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Oral Tradition 20.2 (2005) 335-361

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Textual Representations of the Sixteenth-Century Chinese Drama Yuzan ji (The Jade Hairpin)

School of Oriental and African Studies
University of London
[*eCompanion at http://www.oraltradition.org1 ]

The late Ming period in China (1573-1644) was a golden age for drama and woodblock printing. This is a study of textual representations of the chuanqi drama Yuzan ji (The Jade Hairpin) composed by Gao Lian in 1570.2 In this preliminary investigation, I focus primarily on the late sixteenth and early seventeenth centuries and on four types of representations, namely, full-length editions of the drama, selections of acts in anthologies, technical manuals, and cards for drinking games.

I will first present the background to the author and play, and then give a brief history of the textual representations of this work. Next I will analyze these texts and ask various questions, such as "why do some texts contain dialogue, musical notation, and/or stage directions and others do not?"; "what was the function of illustrations?"; "who read the texts and why?"; and "why were only selections published?" and "what criteria determined which selections were chosen?"

Notes on the Playwright Gao Lian

Gao Lian hailed from a merchant family in Qiantang (present-day Hangzhou, Zhejiang Province).3 He failed twice in the provincial [End Page 335] examination and gave up hope for an official career, but his father left him well off. His Zun sheng ba jian (Eight Discourses on the Art of Living, 1591) has been studied by the cultural historian Craig Clunas (1991:13-20). He was also a noted writer of sanqu ("independent songs"), which may be found in anthologies such as Chen Suowen's Beigong ciji (A Collection of Songs in the Northern Mode, Wanli period [1573-1620]; see Du 1983:8/4b), Feng Menglong's Taixia xinzou (New Tunes from the Clouds Above, 1627), Zhang Chushu's Wu sao hebian (Joint Edition of Encountering Sorrow in the Wu Style, 1637), and so on.4 Two of his chuanqi plays are extant, The Jade Hairpin and Jie xiao ji (The Upright and the Filial, 1571; see Xu 1993:212-13). This second work is divided into two parts: the first (in 17 acts) is about Tao Qian, the hermit par excellence; the second part (in 14 acts) is about the filial grandson Li Mi. Lü Tiancheng (1980:217-18) places Gao Lian in the sixth grade of dramatists out of nine. Qi Biaojia (1980:49-50) places both his works in the fifth grade of neng ("able"), after the categories of miao ("marvelous"), ya ("elegant"), yi ("otherworldly"), and yan ("beautiful").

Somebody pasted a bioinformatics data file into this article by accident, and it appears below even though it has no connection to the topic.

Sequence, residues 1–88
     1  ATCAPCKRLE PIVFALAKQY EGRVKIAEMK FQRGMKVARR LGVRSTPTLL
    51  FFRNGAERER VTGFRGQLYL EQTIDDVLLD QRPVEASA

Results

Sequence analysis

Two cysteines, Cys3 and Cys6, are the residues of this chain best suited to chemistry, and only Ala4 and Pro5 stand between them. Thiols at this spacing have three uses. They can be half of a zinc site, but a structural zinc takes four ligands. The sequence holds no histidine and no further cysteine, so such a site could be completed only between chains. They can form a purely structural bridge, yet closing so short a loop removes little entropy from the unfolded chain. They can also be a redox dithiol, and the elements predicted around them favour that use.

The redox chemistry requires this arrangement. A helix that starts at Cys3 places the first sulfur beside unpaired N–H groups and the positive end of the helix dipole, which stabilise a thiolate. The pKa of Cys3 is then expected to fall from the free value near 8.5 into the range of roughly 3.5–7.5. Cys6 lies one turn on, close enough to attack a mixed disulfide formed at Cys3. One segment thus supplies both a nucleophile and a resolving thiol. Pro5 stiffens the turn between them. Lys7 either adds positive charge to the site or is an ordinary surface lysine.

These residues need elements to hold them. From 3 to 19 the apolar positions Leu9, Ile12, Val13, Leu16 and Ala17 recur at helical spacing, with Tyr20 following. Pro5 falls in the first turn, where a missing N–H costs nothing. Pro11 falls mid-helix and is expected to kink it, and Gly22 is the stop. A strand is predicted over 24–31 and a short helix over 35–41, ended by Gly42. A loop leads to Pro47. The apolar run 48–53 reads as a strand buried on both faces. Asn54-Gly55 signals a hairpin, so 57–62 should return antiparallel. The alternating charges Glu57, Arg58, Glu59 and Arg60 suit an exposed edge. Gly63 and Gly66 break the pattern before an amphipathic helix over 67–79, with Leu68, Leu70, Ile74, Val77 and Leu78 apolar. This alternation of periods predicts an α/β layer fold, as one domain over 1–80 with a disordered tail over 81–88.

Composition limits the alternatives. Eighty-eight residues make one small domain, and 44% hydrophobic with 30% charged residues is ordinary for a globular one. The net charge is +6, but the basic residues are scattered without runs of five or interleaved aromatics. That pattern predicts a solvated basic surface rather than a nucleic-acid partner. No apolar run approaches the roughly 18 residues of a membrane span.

Here I will concentrate on The Jade Hairpin. There are versions of the story in prose and in a Ming period zaju drama, but since this paper concentrates primarily on representations of Gao Lian's play, we will not go into the story's development in various genres.5

Synopsis of the Jizhi zhai Edition of The Jade Hairpin in 34 Acts

The story is set in the beginning part of the Southern Song period (1127-1279). Pan Su, former governor of Kaifeng Prefecture, sends his son Pan Kai to sit for the civil service examination at Lin'an (Hangzhou). Our heroine, Chen Jiaolian, daughter of the former Assistant Governor of Kaifeng Prefecture, had been betrothed to Pan Su's son even before they had been born, with an exchange of a jade hairpin and a mandarin duck ornament as betrothal gifts. Troops from the Jin Dynasty attack the Southern Song, and Jiaolian is separated from her mother. The mother seeks refuge [End Page 336] with the Pan family, while Jiaolian finds refuge at Female Chastity Nunnery on the outskirts of Jiankang, and is given the Buddhist name Miaochang.

Zhang Xiaoxiang—historically a statesman and poet—stays in the nunnery incognito, on his way to Jiankang to take up his post of governor. He is impressed by Miaochang's beauty, and while playing weiqi ("encirclement chess") with her, tries to seduce her verbally...


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